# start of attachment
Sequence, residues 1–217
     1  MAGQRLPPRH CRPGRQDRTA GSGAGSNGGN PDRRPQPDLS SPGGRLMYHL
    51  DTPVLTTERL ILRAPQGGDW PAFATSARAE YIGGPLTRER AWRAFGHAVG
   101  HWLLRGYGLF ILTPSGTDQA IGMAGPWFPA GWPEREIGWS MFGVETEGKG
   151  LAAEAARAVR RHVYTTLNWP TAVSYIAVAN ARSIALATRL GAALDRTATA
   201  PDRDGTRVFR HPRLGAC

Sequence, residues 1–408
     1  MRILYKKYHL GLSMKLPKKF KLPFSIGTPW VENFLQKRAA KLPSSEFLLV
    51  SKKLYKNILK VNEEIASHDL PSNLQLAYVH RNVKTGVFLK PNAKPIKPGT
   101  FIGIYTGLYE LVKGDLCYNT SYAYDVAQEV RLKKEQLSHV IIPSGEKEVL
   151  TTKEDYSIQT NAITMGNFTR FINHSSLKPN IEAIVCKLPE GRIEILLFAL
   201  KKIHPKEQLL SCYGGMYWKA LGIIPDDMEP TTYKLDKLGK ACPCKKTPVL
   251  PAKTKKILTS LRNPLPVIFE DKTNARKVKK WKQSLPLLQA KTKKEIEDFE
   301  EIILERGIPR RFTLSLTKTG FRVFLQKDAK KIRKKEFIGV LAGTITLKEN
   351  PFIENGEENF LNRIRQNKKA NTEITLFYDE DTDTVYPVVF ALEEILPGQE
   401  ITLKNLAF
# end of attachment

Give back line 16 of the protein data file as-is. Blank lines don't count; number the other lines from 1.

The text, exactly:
   401  ITLKNLAF